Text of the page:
DepEd-DRRMS and UPLB UL-ALIVErary BOOKS Program collaborate in natl. climate change conference

The Department of Education-Disaster Risk Reduction and Management Service (DepEd-DRRMS) collaborated with UPLB University Library ALIVErary BOOKS Program to conduct the 6th National Climate Change Conference with the theme “Responding to Climate Change: Role of Education Towards Climate Change Action.” 

The conference was held on Nov. 23-25 via virtual conferencing and streamed through Facebook with the objectives of strengthening awareness and increasing participation of learners, teaching and non-teaching personnel, and the academic community in climate change adaptation and mitigation interventions.

Roselle V. Collado, the assistant to the vice chancellor for academic affairs of UPLB, welcomed the group on behalf of Dr.Jean O. Loyola, vice chancellor for academic affairs. She commended the two institutions for their collaboration, emphasizing that this learning session will showcase the involvement of librarians and learners in disseminating awareness in responding to climate change.

Director Ronilda R. Co of the DRMMS gave an overview of all the activities for the three-day event. She mentioned the possibility of collaboration to campaign for rich countries to provide funds to combat the impact of climate change in developing countries.

In his keynote address, Chancellor Jose V. Camacho Jr. said that academic institutions play a

significant role in climate action in instruction and dissemination. He mentioned the involvement of UPLB in the climate change program, particularly under the Resiliency and Sustainability priority area of AGORA or Accelerating Growth through One Research and Extension in Action.

Day 1 of the conference was the climate education webinar “Climate Change: Science, Impacts, and Climate Actions,” with Dr. Yusuf A. Sucol, researcher and coordinator of the UPLB Climate Change and Disaster Studies, as the first speaker. He demonstrated a comprehensive illustration showing the processes like global warming, the greenhouse effect, and others; and their impacts on the atmosphere, planet, environment, and human beings.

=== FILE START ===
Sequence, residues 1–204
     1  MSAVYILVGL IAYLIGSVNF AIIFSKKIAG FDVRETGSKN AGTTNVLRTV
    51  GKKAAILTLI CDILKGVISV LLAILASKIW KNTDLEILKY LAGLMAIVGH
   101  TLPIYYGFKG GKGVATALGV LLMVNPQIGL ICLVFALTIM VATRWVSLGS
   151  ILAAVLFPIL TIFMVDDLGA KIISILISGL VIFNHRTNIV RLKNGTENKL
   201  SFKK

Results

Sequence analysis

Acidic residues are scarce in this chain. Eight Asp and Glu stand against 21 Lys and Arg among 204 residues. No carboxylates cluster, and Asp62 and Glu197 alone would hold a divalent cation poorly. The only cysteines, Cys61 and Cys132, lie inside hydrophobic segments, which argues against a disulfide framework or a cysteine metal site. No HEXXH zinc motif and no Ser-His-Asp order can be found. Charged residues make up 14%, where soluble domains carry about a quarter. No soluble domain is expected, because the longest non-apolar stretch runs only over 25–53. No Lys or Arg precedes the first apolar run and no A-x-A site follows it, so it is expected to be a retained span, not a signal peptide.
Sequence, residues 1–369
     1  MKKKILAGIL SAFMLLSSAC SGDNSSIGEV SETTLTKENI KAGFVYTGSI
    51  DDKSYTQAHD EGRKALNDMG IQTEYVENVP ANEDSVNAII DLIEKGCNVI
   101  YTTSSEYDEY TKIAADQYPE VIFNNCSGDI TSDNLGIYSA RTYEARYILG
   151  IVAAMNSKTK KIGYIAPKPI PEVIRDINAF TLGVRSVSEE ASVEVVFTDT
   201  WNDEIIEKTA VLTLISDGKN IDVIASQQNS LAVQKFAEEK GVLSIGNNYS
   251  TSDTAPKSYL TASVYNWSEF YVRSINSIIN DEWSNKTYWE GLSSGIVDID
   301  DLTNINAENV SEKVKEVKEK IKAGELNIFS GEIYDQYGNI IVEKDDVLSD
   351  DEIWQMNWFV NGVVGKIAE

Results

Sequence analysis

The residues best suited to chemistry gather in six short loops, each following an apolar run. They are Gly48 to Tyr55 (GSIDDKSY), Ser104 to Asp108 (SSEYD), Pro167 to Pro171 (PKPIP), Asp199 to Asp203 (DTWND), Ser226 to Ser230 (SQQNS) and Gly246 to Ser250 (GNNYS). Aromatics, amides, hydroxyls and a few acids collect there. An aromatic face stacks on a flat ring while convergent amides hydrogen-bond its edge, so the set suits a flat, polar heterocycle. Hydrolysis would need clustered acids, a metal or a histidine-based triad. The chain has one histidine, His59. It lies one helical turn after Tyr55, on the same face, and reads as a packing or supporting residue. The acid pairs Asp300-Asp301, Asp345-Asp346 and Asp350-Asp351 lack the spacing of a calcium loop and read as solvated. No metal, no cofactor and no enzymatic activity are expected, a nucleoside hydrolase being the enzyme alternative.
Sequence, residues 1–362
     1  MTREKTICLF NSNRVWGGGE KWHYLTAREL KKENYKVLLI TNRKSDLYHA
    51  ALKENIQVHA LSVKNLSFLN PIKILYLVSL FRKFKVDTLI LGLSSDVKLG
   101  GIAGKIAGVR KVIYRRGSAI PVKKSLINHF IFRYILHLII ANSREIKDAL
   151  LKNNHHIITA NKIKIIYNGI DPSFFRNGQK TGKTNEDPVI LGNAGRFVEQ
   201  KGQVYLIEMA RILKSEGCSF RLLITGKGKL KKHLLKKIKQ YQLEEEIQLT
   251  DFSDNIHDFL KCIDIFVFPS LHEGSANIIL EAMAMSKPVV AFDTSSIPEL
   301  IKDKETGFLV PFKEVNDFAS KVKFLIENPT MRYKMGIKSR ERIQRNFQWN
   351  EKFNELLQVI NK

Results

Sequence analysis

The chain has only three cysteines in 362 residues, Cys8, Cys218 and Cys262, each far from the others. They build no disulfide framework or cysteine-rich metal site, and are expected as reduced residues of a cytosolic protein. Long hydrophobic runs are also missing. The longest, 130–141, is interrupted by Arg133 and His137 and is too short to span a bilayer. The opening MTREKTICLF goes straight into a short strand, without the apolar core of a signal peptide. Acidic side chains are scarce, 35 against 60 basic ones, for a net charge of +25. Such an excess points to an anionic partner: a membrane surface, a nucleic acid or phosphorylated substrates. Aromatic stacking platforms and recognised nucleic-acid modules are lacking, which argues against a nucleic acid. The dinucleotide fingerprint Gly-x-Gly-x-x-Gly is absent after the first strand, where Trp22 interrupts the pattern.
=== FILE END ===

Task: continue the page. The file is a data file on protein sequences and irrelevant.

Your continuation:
Another speaker, Cristina B. Villanueva, a librarian at UP Baguio, spoke on the role of libraries in climate change by introducing the concept of an environment-friendly green library. She discussed how the environmental impact of existing library facilities might be reduced.


Day 2 highlighted the following stories: Teachers as Leaders in Climate Crisis, Young Climate Changemakers: Human Interest Stories,  and the Power of Schools for Climate Action.

Mary Angelique Cabal, a science teacher from Bogtong NHS in Mangatarem, Pangasinan, talked about Teachers as Leaders in Climate Crisis. She focused on what teachers can do inside and beyond the classroom to adopt Education for Sustainable Development (ESD) as an integral part of SDGs and to reach the goal of transforming society. Cabal said that by attending training courses on climate change, they became aware of it and knew how to act.

Five young climate changemakers’ stories were featured in the next story presented by  Harvey Parello, project manager of Save Philippines Seas. The stories were outputs of the Climate Action Training “Change the Current” Program of DepEd DRRMS and UNICEF Philippines. Filipino junior and senior high school students narrated the projects they implemented during the training to make them play an active role in climate change adaptation and mitigation strategies in their community.